This and past research shows that consuming agave fructans and getting healthy amounts of intestinal flora, may assist in promoting healthy bone density and increased mineral absorption – even when osteoporosis is induced in pet models.

If human trials find the same results, agave fructans may be the next big food/ supplement.


  1. García-Vieyra MI1, Del Real A, López MG.  Agave fructans: their effect on mineral absorption and bone mineral content. J Med Food. 2014 Nov;17(11):1247-55. doi: 10.1089/jmf.2013.0137. Epub 2014 Jul 28.
  2. Scholz-Ahrens KE1, Schrezenmeir J. Inulin and oligofructose and mineral metabolism: the evidence from animal trials. J Nutr. 2007 Nov;137(11 Suppl):2513S-2523S.

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  1. Geri Koslowsky

    June 4, 2016 , 2:15 pm

    where can I purchase Blue agave Nectar. I do live near a Whole Foods Store would they have it?
    Can I bake with it? I need a safe substitute for sugar, to do baking for a diabetic.

  2. Monica

    June 6, 2016 , 1:14 am

    Hi Geri,

    I have usually found blue agave nectar at health food stores, so I’m guessing Whole Foods may have it. And yes – you can definitely bake with it!

    While agave nectar is lower on the Glycemic Index that other sugars, it is still a sweetener/sugar and should be used sparingly.

    Hope that helps!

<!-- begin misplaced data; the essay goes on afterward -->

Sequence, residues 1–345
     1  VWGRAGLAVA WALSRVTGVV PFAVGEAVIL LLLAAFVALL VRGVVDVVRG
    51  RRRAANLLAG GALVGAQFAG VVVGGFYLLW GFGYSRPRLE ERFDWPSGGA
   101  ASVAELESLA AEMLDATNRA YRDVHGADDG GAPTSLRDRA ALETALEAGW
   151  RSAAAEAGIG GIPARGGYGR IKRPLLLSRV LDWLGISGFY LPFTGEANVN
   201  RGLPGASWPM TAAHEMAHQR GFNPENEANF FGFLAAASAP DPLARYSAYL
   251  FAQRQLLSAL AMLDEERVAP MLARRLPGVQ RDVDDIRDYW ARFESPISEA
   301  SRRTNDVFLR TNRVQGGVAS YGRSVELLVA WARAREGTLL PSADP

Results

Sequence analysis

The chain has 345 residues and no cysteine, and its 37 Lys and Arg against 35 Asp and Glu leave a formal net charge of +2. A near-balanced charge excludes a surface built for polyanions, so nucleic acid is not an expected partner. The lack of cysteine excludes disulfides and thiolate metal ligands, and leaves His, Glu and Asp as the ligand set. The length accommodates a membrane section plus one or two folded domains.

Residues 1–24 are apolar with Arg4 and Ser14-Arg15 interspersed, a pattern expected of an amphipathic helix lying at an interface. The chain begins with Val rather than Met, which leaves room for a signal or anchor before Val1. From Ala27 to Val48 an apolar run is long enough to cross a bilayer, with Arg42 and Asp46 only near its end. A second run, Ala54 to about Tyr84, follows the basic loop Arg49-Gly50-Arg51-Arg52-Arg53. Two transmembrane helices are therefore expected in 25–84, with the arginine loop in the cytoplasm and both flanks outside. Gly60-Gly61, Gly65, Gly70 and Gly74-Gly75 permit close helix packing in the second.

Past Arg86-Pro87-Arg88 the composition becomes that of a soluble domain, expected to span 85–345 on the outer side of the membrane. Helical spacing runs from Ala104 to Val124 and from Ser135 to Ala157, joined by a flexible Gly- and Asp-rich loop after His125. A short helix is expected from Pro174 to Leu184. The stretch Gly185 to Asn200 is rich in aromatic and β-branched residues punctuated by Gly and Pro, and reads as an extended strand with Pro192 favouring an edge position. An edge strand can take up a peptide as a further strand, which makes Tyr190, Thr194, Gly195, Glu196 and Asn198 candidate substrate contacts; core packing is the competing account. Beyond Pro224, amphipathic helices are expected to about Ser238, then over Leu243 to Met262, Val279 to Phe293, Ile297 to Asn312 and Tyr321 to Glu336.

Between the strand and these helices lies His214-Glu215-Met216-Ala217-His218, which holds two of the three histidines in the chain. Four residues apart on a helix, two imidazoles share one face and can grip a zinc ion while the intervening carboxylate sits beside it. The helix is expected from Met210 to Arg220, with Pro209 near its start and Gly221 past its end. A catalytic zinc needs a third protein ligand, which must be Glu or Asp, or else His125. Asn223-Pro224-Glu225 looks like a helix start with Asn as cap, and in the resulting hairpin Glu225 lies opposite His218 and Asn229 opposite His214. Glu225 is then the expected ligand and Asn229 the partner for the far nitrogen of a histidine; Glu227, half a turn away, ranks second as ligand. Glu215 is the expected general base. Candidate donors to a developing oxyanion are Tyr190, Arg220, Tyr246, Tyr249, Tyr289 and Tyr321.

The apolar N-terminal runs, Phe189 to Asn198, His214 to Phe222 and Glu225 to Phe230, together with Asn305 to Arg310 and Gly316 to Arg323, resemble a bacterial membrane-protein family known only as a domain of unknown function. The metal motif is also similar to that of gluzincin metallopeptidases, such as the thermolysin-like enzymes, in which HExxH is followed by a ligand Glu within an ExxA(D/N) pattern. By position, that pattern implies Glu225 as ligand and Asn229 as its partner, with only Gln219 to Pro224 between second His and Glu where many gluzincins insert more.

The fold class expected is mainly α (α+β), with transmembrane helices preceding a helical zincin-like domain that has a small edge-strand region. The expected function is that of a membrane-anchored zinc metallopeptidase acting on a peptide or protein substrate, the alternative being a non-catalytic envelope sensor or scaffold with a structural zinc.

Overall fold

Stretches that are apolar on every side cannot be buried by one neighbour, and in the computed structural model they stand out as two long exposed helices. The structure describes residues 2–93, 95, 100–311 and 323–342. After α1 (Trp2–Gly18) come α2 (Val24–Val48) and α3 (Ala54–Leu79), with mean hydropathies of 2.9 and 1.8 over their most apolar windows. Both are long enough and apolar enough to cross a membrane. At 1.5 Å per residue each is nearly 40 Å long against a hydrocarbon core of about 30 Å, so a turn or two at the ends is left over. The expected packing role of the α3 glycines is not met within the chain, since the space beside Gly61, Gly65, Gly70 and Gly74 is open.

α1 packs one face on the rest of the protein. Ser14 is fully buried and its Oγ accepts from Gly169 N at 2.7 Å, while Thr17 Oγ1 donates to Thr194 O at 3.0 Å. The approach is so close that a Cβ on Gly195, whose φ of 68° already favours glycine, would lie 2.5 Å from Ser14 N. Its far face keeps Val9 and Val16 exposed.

– Monica @ AlgaeCal

  3. Cathy

    June 5, 2016 , 11:49 am

    I’m trying to decifer the report on alcohol consumption; specifically the data supporting that women should have 1 alcoholic beverage daily (2 for men). I was finally able to find a definition of what constitutes “1 drink”. My next question is concerning the sugar in alcohol. My A1C is 5.9 so that is a major concern for me. Which alcoholic beverage has the lowest sugar content and would be the best recommendation for daily consumption? Thanks so much!

  4. Monica

    June 6, 2016 , 1:21 am

    Hi Cathy,

    Because you are monitoring your blood glucose levels with the A1C test, that is a question to ask your health specialist or physician as they are more familiar with your health history.

    – Monica @ AlgaeCal

This article features advice from our industry experts to give you the best possible info through cutting-edge research.

Prof. Didier Hans
PHD, MBA - Head of Research & Development Center of Bone Diseases, Lausanne University Hospital CHUV, Switzerland,
Lara Pizzorno
MDiv, MA, LMT - Best-selling author of Healthy Bones Healthy You! and Your Bones; Editor of Longevity Medicine Review, and Senior Medical Editor for Integrative Medicine Advisors.,
Dr. Liz Lipski
PhD, CNS, FACN, IFMP, BCHN, LDN - Professor and Director of Academic Development, Nutrition programs in Clinical Nutrition at Maryland University of Integrative Health.,
Dr. Loren Fishman
MD, B.Phil.,(oxon.) - Medical Director of Manhattan Physical Medicine & Rehabilitation and Founder of the Yoga Injury Prevention Website.,
Dr. Carole McArthur
MD, PhD - Professor of Immunology, Univ. of Missouri-Kansas City; Director of Residency Research in Pathology, Truman Medical Center.,